St. Louis Cardinals right-hander Jack Flaherty was arguably the best pitcher in baseball last season following the All-Star Game. In 15 starts, he posted a 0.91 ERA and held opponents to a .424 OPS while averaging nearly seven frames per outing. Flaherty, perhaps more so than anyone else, was instrumental in the Cardinals winning the National League Central.
Even so, the Cardinals did Flaherty few favors in setting his salary for the 2020 season. Instead, the Cardinals will pay him $604,500 this upcoming season, according to Derrick Goold of the St. Louis Post-Dispatch. Flaherty's salary was reduced by $10,000 as a punishment for him failing to agree to terms with the club. This is the second spring in a row that's happened.
Flaherty, 24, isn't the only young star having a salary forced upon him by his team. The Washington Nationals recently "renewed" outfielder Juan Soto's contract for $629,400, per NBC Sports Washington. Soto, obviously, would be earning a greater sum under a more just system.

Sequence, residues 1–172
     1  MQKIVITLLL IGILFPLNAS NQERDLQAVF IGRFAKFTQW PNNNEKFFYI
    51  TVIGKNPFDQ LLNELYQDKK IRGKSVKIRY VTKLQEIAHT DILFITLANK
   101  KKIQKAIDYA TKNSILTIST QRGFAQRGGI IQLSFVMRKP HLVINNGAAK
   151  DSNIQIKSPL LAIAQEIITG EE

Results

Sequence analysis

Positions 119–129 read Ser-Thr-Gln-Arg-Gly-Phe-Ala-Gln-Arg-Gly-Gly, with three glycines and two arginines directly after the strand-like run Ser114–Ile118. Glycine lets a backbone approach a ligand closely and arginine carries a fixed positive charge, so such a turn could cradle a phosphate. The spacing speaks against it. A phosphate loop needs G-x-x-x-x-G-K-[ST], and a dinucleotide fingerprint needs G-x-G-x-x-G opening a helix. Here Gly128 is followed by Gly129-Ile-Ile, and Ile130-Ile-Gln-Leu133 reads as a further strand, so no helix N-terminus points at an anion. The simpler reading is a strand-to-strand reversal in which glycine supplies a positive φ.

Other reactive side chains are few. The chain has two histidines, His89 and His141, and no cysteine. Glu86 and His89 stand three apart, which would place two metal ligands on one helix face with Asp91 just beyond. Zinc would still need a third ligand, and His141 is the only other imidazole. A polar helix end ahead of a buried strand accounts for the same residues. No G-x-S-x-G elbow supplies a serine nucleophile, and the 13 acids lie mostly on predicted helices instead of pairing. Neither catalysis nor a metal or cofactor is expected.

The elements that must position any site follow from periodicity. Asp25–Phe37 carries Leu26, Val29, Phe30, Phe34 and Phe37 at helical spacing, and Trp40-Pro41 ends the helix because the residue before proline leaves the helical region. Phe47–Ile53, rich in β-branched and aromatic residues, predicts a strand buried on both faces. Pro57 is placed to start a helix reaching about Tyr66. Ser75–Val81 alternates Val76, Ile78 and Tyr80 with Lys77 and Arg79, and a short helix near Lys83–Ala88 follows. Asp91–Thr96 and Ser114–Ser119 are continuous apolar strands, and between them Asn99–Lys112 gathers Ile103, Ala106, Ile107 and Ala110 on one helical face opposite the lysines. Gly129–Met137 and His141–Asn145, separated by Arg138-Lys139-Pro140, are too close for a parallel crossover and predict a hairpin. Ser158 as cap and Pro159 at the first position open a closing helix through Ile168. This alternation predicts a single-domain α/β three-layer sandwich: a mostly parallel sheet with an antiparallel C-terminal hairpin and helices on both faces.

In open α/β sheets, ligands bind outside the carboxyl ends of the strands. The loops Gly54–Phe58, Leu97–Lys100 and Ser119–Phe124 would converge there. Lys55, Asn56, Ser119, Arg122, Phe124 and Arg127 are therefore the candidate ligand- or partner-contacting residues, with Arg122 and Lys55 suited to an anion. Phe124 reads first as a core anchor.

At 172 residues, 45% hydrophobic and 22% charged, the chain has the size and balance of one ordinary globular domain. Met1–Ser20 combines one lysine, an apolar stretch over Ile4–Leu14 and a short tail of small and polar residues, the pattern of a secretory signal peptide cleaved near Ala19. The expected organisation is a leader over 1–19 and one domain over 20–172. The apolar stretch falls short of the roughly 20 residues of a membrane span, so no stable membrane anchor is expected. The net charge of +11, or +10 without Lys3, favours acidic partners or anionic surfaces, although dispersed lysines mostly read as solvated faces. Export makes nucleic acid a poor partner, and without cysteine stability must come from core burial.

For those unfamiliar with how MLB's pay structure works, the short version is that teams have the power to unilaterally impose salaries on players who are not arbitration eligible. Pre-arb players like Flaherty and Soto, then, have little agency as it pertains to their salary. Nonetheless, teams are willing to penalize those who do not agree with their proposed "renewal" terms.
The funniest aspect of the whole mess is that teams swear they're concerned about "fairness" when deciding pre-arbitration salaries. You hear a lot about how it wouldn't be "fair" to make an exception for this player and not that player; and, how the team tries to be "fair" by using objective means to dictate pre-arbitration salaries. (The Cardinals' formula is based on "days in the majors, health, and performance, as described by Wins Above Replacement," per Goold). Those rationalizations accomplish little more than passing the buck: it doesn't matter if the micro decisions are "fair" when the overarching system is built to suppress wages.
Keep this in mind the next time a team excuses a lackluster winter by claiming that they're willing to spend, but that they're more interested in paying for future production, as opposed to past results. If that were so, teams would be more motivated to find ways to pay their best young players more money, including re-configuring a broken system.